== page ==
The Seaquest Basking Shark Project – A UK Conservation Experience to Remember
Aside from the fact that this site overlooks one of three major basking shark hotspots in the country, it is also a truly magical place to be.
By: Angie Gall (Marine Conservation Officer, Cornwall Wildlife Trust)
The Cornwall Wildlife Trust’s Seaquest Basking Shark Project is valuable conservation experience in a beautiful spot! My lucky strike on the UK Conservation wheel of fortune, is an ongoing experience that I will never forget and it all began one morning very early on the Porthgwarra cliffs of Cornwall…
“Shifts start at 05:30 each day”. I could hardly believe my ears when I was first told about how Cornwall Wildlife Trust’s Seaquest Basking Shark Project worked. “And this is for volunteers?” I asked incredulously. It wasn’t until I tried my first early morning watch that I realized the logic behind this…
Just above Porthgwarra, perched on the dramatic granite cliffs beside the South West Coast Path is a wide grassy ledge overlooking the vast expanse of sea. The view is spectacular and the sound of the waves hitting against the rocks beneath mixes with the ocean breeze, to produce an orchestrated piece of tranquility amidst nature. This is our watch point. At five thirty in the morning, as the dawn slowly begins breaking there is nobody else around but my watch partner, the wildlife and I. The sea is calm and the mist is gradually lifting as I set up the telescope and pour the delicious brewed coffee from my flask. I make myself comfortable and relax…ready for the seven hours of enjoyment ahead of me at this wonderful spot.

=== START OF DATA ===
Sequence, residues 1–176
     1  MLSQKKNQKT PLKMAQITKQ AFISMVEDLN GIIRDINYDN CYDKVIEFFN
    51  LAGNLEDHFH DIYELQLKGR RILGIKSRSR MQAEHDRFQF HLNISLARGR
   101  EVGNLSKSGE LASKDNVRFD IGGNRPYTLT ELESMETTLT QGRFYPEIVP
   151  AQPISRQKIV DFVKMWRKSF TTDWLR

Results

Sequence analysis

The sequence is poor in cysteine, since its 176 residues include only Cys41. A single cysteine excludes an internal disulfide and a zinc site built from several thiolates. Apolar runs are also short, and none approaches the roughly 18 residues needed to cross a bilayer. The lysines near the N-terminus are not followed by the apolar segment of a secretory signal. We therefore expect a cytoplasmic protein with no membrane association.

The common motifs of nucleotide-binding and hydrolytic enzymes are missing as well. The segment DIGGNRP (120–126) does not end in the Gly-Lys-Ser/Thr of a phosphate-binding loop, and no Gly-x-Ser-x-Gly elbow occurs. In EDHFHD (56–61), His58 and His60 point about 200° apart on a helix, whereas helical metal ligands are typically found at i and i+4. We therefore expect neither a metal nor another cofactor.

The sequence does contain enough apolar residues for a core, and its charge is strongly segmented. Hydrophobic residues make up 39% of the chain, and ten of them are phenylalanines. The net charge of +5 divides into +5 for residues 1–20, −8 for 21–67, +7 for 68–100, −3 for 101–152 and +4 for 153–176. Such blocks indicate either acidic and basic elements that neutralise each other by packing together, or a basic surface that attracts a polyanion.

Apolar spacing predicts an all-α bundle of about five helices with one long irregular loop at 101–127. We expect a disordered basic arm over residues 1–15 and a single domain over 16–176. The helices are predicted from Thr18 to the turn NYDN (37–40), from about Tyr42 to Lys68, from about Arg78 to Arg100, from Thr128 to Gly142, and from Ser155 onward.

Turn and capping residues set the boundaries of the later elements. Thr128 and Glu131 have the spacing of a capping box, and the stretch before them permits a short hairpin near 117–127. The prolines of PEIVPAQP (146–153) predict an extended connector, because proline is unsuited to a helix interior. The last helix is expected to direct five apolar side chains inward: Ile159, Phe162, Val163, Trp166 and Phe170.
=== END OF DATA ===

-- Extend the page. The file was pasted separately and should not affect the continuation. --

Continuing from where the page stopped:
Aside from the fact that this site overlooks one of three major basking shark hotspots in the country, it is also a truly magical place to be. The heathland is home to adders which sometimes bask on the rocks nearby and a pair of choughs can often be seen in the area. Spotting basking sharks requires patience but there are many other pleasures that make the shark spotting shift more than pleasurable for conservation enthusiasts. The volume of passers-by during the day, gives us an excellent opportunity to interact with people and tell them more about basking sharks and marine conservation in general, which is helping to raise awareness to a considerable extent.
There is also plenty of other marine wildlife to look out for. In fact, in this last week, our volunteers have spotted bottlenose and common dolphins, ocean sunfish and great skuas. Magnificent as all this is though, nothing quite beats the first glimpse of a large triangular dorsal fin sliding up through the sea surface, as a basking shark comes up to feed. Plankton accumulates on fronts in the water here and you can often see right inside the sharks’ huge gaping mouths as they filter the water close to the cliffs.
If you are enticed by the prospect of marine conservation in the UK, why not come and get involved? To become a volunteer, experience isn’t necessary. Passion is. We’d love to hear from you at: firstname.lastname@example.org
Images courtesy Cornwall Wildlife Trust